Still in public ownership: According to reports, the sale of the Land Registry has been cancelled.

Up for privatisation again. The Tories really want to sell of the Land Registry and take the £100 million per year it provides away from the public purse and into private hands. What was all that noise about paying off the deficit, again?

The Conservative Government tried to sneak a quiet privatisation of the Land Registry past us all once before.

It was back in the summer of 2014 and the secret plan sparked a two-day strike by members of the PCS Union. The union has already vowed to fight again.

There had been a public consultation – but it received hardly any publicity at all and was closed before most people knew it had happened.

Among the Land Registry’s many functions are quasi-judicial decisions on ownership and transfers, granting title and, crucially, guaranteeing legal rights on behalf of the state. This is not just of fundamental importance to homeowners, but an essential feature of our economy. The backbone of the system is its freedom from outside influence and commercial interest.

Clearly, privatisation would put the Land Registry entirely under threat of outside influence and dominated by commercial interest.

The agency is also currently bound by government policy on procurement, designed to assist small and medium-sized businesses to compete against the oligopoly of large suppliers.

But in 2014, The Guardian told us: “BIS [The Department of Business, Innovation and Skills] has identified this as a problem, claiming greater flexibility in the private sector to buy goods and services. In a truly astonishing move, a government agency faces being changed into a commercial company so it can avoid the very controls the government brought in to protect small businesses.”

The article also warned of “massive job losses and office closures” and said the government had “flatly refused” to publish and fully consult on these plans.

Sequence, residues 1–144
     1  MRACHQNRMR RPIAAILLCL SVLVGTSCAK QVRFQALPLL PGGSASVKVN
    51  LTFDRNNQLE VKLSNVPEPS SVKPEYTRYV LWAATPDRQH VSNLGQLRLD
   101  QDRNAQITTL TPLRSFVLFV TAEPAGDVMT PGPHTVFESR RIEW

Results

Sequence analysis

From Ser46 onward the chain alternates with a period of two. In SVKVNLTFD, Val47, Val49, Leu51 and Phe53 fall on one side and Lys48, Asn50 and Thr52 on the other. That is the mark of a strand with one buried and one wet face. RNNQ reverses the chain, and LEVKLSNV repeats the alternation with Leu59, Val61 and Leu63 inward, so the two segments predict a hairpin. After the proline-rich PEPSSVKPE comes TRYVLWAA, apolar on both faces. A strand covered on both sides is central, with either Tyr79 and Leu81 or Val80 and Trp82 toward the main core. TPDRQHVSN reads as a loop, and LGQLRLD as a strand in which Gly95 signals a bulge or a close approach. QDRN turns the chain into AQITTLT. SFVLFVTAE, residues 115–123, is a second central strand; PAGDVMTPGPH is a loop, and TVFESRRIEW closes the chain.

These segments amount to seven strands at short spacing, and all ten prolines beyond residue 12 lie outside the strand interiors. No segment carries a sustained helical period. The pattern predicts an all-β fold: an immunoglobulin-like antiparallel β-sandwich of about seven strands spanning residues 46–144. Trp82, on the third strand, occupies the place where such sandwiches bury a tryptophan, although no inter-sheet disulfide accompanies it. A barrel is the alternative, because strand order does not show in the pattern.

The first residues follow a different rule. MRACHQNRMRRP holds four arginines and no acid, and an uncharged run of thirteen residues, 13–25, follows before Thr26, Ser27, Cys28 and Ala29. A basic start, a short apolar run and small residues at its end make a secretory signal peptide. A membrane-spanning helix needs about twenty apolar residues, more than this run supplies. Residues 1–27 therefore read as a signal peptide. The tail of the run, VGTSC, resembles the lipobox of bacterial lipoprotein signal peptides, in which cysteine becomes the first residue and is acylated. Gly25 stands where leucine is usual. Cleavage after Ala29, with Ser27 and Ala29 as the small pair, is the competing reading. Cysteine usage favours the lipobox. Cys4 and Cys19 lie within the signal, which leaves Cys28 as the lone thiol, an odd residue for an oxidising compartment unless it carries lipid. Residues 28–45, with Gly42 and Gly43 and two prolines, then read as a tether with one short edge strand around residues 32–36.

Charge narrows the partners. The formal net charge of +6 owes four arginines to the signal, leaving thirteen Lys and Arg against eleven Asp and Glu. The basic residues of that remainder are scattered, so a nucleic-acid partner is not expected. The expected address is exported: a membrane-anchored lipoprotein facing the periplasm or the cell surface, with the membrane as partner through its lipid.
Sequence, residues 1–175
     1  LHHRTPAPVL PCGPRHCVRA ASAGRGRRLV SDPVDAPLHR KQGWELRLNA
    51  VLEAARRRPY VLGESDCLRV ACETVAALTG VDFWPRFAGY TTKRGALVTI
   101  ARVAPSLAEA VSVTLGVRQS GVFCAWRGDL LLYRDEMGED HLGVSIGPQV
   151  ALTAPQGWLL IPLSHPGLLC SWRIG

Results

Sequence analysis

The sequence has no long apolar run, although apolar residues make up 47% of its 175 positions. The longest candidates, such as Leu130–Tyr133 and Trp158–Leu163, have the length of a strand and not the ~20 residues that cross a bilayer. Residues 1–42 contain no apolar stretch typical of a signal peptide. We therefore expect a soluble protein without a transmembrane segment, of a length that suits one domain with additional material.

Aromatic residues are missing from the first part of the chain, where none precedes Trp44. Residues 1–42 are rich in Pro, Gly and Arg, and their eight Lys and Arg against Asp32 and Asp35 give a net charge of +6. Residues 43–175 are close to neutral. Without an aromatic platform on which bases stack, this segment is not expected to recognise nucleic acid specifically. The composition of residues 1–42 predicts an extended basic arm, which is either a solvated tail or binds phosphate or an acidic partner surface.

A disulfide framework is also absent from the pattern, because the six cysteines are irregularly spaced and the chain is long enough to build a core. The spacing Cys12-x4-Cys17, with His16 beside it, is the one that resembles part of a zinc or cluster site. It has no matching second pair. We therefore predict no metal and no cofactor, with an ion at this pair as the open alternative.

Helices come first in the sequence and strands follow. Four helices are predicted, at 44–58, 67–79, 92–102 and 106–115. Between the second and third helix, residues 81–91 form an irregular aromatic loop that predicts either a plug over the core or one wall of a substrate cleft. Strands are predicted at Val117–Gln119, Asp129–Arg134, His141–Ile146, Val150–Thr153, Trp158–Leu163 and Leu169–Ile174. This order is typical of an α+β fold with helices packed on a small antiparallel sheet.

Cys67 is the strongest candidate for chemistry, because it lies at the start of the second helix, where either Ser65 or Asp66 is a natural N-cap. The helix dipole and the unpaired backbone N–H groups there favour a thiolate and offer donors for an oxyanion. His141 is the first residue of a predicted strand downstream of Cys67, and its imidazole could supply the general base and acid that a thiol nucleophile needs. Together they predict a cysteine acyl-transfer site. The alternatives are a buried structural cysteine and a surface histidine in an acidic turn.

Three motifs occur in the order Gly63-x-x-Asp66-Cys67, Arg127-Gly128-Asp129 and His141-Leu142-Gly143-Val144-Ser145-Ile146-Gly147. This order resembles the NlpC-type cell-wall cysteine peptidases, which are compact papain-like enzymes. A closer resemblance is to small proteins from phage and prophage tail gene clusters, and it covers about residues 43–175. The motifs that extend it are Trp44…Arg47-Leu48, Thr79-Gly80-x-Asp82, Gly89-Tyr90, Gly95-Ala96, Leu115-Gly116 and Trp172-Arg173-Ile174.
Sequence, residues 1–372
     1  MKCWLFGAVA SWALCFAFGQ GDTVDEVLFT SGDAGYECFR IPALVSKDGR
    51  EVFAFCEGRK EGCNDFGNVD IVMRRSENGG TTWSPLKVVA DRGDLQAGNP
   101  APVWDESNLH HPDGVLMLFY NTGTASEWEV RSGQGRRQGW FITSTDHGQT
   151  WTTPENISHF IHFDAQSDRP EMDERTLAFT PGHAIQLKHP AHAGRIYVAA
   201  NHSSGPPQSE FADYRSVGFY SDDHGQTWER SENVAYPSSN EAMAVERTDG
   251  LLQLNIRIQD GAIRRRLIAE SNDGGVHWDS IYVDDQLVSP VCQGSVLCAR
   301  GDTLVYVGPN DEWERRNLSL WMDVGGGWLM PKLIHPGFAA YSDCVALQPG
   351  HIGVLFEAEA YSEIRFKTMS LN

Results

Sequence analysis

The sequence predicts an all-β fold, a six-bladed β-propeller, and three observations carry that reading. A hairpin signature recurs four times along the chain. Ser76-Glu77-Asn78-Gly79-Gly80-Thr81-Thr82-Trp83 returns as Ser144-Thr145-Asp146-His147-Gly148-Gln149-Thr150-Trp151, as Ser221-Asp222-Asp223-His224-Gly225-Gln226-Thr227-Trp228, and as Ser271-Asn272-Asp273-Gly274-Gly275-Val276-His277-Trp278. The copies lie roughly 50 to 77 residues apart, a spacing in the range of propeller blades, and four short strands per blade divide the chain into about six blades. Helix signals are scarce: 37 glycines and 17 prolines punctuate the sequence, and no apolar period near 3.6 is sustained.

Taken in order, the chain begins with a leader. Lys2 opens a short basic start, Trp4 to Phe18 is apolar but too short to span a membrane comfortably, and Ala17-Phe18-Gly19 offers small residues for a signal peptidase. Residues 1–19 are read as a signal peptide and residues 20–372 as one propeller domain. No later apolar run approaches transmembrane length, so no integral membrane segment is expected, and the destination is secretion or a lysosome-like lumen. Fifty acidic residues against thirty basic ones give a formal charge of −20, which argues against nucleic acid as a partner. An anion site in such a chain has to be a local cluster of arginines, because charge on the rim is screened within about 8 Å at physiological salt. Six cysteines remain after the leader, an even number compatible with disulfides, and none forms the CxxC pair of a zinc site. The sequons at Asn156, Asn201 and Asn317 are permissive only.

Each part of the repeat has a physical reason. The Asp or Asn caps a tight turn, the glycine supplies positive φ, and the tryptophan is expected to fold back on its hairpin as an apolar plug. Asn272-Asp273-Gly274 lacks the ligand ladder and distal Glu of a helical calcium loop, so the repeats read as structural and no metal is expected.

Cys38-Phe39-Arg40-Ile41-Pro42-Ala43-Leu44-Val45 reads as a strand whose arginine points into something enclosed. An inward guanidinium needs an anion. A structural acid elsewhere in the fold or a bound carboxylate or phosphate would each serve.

The Tories would have put private equity firms and outsourcing companies in control of a system that had been freed of any obligation towards small and medium-sized businesses, and whose work would be done by local authorities – at a cost to the council, not the Land Registry.

For any shareholder, it would have been a licence to print money.

That’s why the Tories are trying again.

Former chief land registrar John Manthorpe has written to business minister Anna Soubry and other MPs, pointing out that land registry is not an activity that can be transferred to the private sector by a responsible government.

But we have seen in the recent Budget debacle that the UK does not have a responsible government.

It’s take out the trash day! And the bad news the Tories want to bury is the controversial sell-off of the Land Registry

The Tories … quietly announced plans to privatise the Land Registry at 5pm the night before the Easter Holidays.

George Osborne has being trying to sell off the agency, which controls all property transactions in England and Wales, for several years.

A plan to unload it was blocked by the Liberal Democrats during the coalition years, but Osborne revived the idea last year.

He reportedly called in investment bank Rothschild to examine options for its sale in November.

The agency has previously been valued at around £1.2bn. Last year it made a surplus of £36.6 and paid the Government more than £100m in dividends.

The Department for Business Innovation and Skills have issued a consultation document, with an aim to sell it off by 2017.

Source: Tories sneak out Land Registry sell-off at 5pm the night before Easter Holiday – Mirror Online

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